Margaret found there were a few clinics scattered through the district, in decrepit buildings, supported by a voluntary committee of charitable women. The only medical member of this committee was the deputy minister of health, Malcolm Roads, who subsequently became a great help to her in getting the service into the NHS, where it belonged. Her first success was to achieve free contraception for women (initially only for those with four or more children). She oversaw the opening of new clinics in all sorts of old buildings, which doctors and nurses often had to clean before starting work. The small amount of money for doctors’ and nurses’ salaries, and for free contraception came from voluntary contributions with some help from the Department of Public Health.
With the arrival of the contraceptive pill, money began to flow. The numbers of patients increased steadily, and increasingly invasive methods (such as intrauterine contraceptive devices) created demand for suitable buildings. Margaret was offered a site for a new building at St Mary’s Hospital, Portsmouth, but only if she could find the money for a purpose built central clinic. She visited the NHS administration in London, with a steely determination to get her own way. Finally she was offered £20 000 for the clinic, so the Ella Gordon Unit, as it was known, was built. With it came a great expansion of work, especially in the training of GPs, for whom a three month stint was now a required part of their graduate training. She created annual training weekends for the family planning doctors and GPs, and called on the expertise of her medical friends for teaching, including Sir John Peel, Sir John Stallworthy, Dame Josephine Barnes, Mr Michael Kettle, and many others. Her ambition had been justified, and her self made career was a success, though never so financially rewarding as an NHS consultancy.
In 1976 Dame Josephine Barnes recommended Margaret for an opening as consultant gynaecologist in Abu Dhabi, at the Corniche Hospital, newly commissioned by Sheikh Zayed as a specialist obstetrics and gynaecology unit. She took a year’s leave of absence and became the senior gynaecologist there. In the same year, Margaret was offered by St Mary’s Hospital in Paddington the position of first consultant in contraception and sexual health of women. However, by this time, after the death of John Foley in 1972, Margaret had remarried Garry O’Flynn, a GP, so she turned down this great opportunity and returned to the Portsmouth area where she continued her work as head of contraceptive and sexual health services for the region until she retired.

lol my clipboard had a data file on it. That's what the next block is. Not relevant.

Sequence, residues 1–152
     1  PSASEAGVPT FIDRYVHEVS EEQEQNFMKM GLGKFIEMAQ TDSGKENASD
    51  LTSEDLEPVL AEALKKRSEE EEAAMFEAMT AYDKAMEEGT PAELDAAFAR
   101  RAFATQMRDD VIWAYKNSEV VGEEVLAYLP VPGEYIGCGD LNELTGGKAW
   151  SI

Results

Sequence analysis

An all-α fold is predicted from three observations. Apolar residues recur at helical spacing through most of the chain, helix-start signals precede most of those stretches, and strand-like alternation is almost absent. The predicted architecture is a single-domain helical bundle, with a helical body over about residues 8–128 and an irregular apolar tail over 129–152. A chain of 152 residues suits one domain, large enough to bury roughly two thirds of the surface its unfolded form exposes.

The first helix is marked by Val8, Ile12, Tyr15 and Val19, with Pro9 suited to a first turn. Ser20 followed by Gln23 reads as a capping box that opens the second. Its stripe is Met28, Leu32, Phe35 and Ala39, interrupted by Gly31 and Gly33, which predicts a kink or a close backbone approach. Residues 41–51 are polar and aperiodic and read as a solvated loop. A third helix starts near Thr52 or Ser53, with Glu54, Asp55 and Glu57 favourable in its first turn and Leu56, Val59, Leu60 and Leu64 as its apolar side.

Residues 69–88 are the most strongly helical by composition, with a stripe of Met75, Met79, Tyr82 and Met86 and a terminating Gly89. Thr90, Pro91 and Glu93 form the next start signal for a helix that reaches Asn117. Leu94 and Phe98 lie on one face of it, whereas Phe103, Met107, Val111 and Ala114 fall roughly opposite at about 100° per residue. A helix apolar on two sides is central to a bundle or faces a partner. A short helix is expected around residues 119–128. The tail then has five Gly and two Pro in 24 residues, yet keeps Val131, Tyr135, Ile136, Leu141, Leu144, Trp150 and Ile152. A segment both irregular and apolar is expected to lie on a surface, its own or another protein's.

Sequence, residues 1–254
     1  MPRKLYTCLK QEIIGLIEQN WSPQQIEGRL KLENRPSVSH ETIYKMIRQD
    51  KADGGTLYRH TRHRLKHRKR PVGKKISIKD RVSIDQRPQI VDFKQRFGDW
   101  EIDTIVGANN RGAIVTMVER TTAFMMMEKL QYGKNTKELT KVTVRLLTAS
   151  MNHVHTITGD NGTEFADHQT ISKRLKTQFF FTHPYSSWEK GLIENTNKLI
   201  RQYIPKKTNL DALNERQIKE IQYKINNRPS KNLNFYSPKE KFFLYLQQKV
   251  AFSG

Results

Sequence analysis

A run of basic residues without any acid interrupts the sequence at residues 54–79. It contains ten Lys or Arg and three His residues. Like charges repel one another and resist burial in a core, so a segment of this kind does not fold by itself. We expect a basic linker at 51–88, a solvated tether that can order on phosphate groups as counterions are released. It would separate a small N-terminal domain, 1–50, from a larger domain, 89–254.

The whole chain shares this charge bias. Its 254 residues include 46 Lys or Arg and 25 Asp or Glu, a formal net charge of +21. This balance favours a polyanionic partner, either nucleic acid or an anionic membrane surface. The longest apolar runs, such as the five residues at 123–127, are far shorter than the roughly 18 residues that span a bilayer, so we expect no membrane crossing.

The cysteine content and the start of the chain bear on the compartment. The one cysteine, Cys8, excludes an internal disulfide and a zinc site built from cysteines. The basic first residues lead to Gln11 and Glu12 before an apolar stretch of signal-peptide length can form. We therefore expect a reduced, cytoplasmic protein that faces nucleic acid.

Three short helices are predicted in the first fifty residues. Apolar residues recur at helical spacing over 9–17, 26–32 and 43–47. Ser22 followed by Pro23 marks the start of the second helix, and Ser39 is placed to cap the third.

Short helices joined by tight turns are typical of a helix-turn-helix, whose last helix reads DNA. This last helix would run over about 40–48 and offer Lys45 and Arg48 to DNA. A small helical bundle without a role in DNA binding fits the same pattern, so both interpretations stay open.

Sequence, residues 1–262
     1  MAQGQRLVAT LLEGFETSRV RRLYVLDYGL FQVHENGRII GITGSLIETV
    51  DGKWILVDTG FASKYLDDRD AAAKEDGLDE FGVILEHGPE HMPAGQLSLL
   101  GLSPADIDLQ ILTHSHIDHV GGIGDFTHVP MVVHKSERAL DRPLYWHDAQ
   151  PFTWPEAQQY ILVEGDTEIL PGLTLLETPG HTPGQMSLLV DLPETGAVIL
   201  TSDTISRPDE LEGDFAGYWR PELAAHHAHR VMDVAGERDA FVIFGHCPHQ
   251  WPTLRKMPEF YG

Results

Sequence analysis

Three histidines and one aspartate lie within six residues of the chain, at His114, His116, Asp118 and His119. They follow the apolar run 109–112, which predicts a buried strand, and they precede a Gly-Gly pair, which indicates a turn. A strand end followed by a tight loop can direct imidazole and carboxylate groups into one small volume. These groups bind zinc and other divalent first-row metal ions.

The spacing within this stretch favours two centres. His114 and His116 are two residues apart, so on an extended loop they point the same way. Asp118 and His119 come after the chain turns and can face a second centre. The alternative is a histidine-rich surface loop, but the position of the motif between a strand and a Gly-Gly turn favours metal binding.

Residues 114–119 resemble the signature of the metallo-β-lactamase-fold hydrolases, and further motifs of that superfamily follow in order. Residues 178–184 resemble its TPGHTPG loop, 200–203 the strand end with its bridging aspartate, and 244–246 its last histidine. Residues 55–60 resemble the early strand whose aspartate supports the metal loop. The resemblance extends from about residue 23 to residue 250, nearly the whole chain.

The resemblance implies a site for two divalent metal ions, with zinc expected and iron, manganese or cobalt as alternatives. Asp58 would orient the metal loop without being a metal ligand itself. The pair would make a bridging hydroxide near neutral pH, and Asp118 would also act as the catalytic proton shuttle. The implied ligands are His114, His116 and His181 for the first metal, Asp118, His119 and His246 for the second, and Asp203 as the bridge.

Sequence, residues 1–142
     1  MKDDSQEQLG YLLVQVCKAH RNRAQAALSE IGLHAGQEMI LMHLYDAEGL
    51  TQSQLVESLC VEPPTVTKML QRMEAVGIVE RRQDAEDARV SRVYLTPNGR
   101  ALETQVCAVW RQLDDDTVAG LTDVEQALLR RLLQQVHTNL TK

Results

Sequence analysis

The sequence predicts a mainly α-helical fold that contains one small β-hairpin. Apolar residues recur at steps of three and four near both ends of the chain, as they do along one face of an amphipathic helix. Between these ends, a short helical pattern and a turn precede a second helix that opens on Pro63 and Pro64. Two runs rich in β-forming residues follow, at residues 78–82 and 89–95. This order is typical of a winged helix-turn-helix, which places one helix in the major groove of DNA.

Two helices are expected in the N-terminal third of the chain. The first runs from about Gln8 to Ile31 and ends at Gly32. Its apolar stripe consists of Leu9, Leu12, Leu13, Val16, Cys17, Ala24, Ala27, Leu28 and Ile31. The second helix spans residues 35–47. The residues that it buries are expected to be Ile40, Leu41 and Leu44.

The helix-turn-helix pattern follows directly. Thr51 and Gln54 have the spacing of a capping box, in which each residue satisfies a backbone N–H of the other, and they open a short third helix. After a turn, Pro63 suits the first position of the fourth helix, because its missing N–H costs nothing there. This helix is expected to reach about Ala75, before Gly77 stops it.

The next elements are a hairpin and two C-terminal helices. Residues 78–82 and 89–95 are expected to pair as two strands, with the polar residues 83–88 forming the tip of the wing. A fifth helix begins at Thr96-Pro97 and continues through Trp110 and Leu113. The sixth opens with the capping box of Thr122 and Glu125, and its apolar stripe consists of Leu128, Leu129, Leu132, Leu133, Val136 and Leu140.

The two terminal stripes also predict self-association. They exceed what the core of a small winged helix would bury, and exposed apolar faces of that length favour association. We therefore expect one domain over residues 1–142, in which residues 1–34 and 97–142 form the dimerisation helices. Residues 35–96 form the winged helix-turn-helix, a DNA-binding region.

In her private life, Margaret was a formidable woman. Beautiful, a tremendous clothes horse, and a bit of a spender, she was at her best when surrounded by friends and family, and she was a terrific cook and gracious hostess. When she married John Foley she was excited about her newly acquired Irish relations, with whom John had lost touch, and encouraged him to renew his links with his family, which continue happily to this day through her extended family. She loved to travel and visited many parts of Great Britain and Ireland with John, and much of the world with Garry. She was a combination of courage and strength, coupled with a kind of shyness. She remained independent well into her 90s, maintaining an elegant home and figure, reading voraciously, and she continued to be a fierce critic of the Conservative Party.
Margaret married John Joyce Foley in 1949, and the couple had four children: Jane, Patrick, Martin, and Fiona—all delivered by John Peel, and all by caesarean section. After John Foley’s death in 1972, she married Michael Garrett (Garry) O’Flynn in 1977, and had 22 happy years with him until his death in 1999. Through Garry, Margaret became a stepmother to five—Anne (deceased), Sarah, Clare, Mandy, and Joanna—and she joined Garry in happy years of enjoyment of the lives of her extended family, and many grandchildren, step-grandchildren and great grandchildren. Margaret’s oldest granddaughter, Clare Fiona Foley Gilliland, is a midwife in Bath, and her oldest grandson, Michael John Joyce Foley, qualified as a doctor this year.
Cite this as: BMJ 2014;349:g6324
Consultant gynaecologist (b 1920; q 1943; FRCOG), d 22 September 2014.